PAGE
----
There are many different types of Hillstream loaches belonging to a family of bottom-dwelling fish that hails from the clear, rapidly-flowing waters of Asia.
The Reticulated Hillstream loach is a beautiful, unusual-looking fish that makes an eye-catching addition to any freshwater community setup. These fish are hardy and pretty straightforward to care for, too, making them a good choice for those who are new to the hobby.
Read this guide to learn everything you need to know about keeping these gorgeous little loaches.
Reticulated Hillstream Loach – At a Glance
|Hillstream Loach Info|
|Scientific Name:||Sewellia Lineolata|
|Common Name (species)||Reticulated Hillstream loach|
|Family||Balitoridae, Cypriniformes order|
|Origin||Southeast Asia, China, India|
|Lifespan||8 to 10 years|
|Temperament||Peaceful community fish|
|Minimum Tank Size||50 gallons|
|Temperature Range||68° to 72° F|
|Water Hardness||10 – 15 dKH|
|pH Range||6.5 to 7.5|
|Filtration/Flow Rate||Needs a strong flow rate and pristine, well-oxygenated water|
|Compatibility||Can live with other non-aggressive community fish|
|OK, for Planted Tanks?||Yes|
There are 202 species of Hillstream loaches that can be found in southeast Asia, China, and parts of India, although their numbers are decreasing, primarily due to habitat loss.
Reticulated Hillstream loaches inhabit fast-flowing streams, foraging on the substrate or clinging to rocks in the current. Although not generally regarded as schooling fish, these loaches are typically found in small groups.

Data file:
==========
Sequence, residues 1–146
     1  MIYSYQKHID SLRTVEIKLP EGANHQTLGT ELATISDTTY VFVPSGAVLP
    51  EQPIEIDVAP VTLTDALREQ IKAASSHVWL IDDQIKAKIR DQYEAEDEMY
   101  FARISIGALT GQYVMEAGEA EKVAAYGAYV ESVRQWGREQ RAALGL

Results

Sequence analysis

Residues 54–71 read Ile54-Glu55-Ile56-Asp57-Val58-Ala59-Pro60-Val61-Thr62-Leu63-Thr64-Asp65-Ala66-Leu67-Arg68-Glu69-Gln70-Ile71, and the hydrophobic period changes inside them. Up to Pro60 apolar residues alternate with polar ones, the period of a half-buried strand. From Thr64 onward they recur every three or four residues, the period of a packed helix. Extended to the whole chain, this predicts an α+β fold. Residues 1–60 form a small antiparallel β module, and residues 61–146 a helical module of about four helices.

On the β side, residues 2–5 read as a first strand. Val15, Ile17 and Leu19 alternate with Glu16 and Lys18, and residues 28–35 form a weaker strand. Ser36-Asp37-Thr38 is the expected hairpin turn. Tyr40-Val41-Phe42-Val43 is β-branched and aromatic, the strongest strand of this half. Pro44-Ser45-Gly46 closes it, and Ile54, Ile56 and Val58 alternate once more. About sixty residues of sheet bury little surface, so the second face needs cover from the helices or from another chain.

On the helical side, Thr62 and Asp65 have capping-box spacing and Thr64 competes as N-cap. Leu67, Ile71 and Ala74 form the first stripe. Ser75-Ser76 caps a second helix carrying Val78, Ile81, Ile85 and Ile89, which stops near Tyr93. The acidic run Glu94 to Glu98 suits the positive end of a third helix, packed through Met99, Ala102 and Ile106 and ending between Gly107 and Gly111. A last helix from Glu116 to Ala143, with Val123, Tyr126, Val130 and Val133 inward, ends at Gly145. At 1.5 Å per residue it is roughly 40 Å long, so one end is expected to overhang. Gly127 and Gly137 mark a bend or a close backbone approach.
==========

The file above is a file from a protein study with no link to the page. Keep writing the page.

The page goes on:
The majority of the loaches’ natural diet comprises algae, which is supplemented with small worms, insect larvae, and the like.
The Reticulated Hillstream loach is a beautiful, unique-looking fish that’s bound to create a talking point in any home aquarium setup!
These fish resemble mini stingrays and have short barbels, which means they’re sometimes wrongly assumed to be a species of catfish. The fish has a light yellow-gray body with random, wide black stripes that create a striking dappled pattern, including on the fins.
Reticulated Hillstream loaches are ideally adapted for their environment. The fish is streamlined and hydrodynamic, meaning it can live in fast-flowing water without much effort. The pectoral and pelvic fins are fanlike, and the fish uses them to move around and grab onto rocks so that it doesn’t get swept away in the current.
In addition, the loaches’ flat underbelly and sucker mouth are perfect for withstanding the water’s force and grazing on algae.
Reticulated Hillstream loaches measure around 2 to 3 inches in length, so they can easily forage for food in tiny cracks and crevices in their rocky home. In the aquarium, the fish often fix themselves to your viewing panes or decorative rocks in groups, giving you a perfect view.
Tank-kept Reticulated Hillstream loaches typically survive for 8 to 10 years, provided that they receive a high-quality diet and are kept in optimum conditions.
Although these fish are very active and love to spend their days foraging around the tank, grazing on algae, or exploring rocky crevices and around plant bases, they are peaceful and excellent for community tanks.
Compatibility and Tankmates
As previously mentioned, you can safely keep Hillstream loaches in a community tank with other non-aggressive species.
These fish can live happily in groups, but be careful not to overstock your tank or scuffles can break out between bottom-dwelling fish.